Low blood pressure, also referred to as hypotension, is blood pressure that is so low that it causes symptoms or signs due to the low flow of blood through the arteries and veins. Some of the symptoms of low blood pressure include light-headedness, dizziness, and fainting if not enough blood is getting to the brain. Diseases and medications can also cause low blood pressure. When the flow of blood is too low to deliver enough oxygen and nutrients to vital organs such as the brain, heart, and kidneys; the organs do not function normally and may be permanently damaged.
Addison disease is a hormonal (endocrine) disorder involving destruction of the adrenal glands (small glands adjacent to the kidneys). Diseased glands can no longer produce sufficient adrenal hormones (specifically cortisol) necessary for normal daily body functions. Symptoms include weight loss, muscle weakness, fatigue, low blood pressure, and sometimes darkening of the skin. Treatment of Addison disease involves replacing, or substituting, the hormones that the adrenal glands are not making.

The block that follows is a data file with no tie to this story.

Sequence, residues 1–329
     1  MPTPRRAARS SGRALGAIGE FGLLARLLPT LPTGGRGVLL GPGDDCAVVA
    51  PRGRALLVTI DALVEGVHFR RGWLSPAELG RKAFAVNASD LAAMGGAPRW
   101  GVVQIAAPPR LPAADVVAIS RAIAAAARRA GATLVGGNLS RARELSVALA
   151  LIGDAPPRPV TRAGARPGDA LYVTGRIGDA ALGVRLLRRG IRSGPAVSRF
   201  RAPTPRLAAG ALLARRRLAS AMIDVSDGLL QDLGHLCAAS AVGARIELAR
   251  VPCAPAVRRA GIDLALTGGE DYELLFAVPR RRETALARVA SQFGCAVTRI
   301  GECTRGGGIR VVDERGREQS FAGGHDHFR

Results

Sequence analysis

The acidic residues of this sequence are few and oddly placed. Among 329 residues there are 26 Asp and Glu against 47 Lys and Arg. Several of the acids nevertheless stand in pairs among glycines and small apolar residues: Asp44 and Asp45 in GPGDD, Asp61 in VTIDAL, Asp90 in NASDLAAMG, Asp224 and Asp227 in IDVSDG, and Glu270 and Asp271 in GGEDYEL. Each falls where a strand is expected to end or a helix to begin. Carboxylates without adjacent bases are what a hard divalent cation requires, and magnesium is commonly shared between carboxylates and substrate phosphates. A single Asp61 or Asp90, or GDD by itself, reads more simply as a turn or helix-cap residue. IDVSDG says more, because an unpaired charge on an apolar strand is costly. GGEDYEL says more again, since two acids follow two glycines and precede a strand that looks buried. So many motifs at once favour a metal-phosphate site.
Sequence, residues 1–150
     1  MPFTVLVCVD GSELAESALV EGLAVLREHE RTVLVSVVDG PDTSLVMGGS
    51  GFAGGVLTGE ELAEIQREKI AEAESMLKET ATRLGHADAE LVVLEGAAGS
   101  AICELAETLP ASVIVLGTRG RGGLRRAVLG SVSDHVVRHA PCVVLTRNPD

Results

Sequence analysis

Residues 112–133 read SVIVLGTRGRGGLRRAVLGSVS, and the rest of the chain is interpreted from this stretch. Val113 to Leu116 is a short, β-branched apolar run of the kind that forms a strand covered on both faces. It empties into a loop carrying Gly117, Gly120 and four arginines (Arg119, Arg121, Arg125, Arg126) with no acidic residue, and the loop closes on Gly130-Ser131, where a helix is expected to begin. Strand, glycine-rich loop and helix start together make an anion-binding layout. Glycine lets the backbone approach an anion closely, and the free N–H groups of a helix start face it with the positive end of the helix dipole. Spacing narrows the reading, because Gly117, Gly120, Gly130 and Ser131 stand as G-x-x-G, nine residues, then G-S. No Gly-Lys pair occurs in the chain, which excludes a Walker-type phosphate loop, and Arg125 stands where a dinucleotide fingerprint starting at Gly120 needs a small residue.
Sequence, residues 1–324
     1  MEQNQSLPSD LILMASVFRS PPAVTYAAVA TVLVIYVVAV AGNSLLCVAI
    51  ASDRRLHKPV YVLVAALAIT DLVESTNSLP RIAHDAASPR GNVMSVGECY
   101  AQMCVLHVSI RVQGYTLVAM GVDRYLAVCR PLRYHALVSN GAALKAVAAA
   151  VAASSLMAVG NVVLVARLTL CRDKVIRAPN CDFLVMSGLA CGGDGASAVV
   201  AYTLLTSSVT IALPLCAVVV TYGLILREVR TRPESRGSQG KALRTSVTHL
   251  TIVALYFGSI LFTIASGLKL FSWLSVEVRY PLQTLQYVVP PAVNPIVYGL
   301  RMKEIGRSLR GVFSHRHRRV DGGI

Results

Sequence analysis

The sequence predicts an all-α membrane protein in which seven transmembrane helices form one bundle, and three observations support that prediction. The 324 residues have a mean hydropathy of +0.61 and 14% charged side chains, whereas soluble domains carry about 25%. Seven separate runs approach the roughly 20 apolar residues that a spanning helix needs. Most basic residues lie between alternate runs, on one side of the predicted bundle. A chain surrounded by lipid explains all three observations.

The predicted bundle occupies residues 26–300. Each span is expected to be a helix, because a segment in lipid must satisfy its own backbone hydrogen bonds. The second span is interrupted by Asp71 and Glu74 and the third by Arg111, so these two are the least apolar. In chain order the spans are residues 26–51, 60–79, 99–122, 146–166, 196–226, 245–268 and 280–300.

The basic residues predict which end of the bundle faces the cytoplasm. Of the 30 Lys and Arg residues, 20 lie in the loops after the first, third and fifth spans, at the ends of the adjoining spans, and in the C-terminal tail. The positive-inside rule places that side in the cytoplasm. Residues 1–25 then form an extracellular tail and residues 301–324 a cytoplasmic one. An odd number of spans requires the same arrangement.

Orthostatic hypotension symptoms include: LightheadednessWeaknessBlurred vision Syncope or passing out Causes of orthostatic hypotension include: Dehydration, Anemia, Medication Blood loss Low blood pressure Heat related illnesses Parkinson's disease Diabetes Treatment of orthostatic hypotension depends on the underlying cause.
Low Blood Pressure (Hypotension) Causes
Low blood pressure (hypotension) occurs when blood pressure drops below the normal range. Low blood pressure can be temporary, or it can be a chronic (long-lasting) condition.
POTS (POT Syndrome, Postural Orthostatic Tachycardia Syndrome)
POT syndrome (POTS, postrual orthostatic tachycardia syndrome) is a nervous system disorder that causes lightheadedness and fainting when a person stands up. Treatment may include increasing blood volume and regulating circulatory problems that are responsible for the disorder.
Treatment & Diagnosis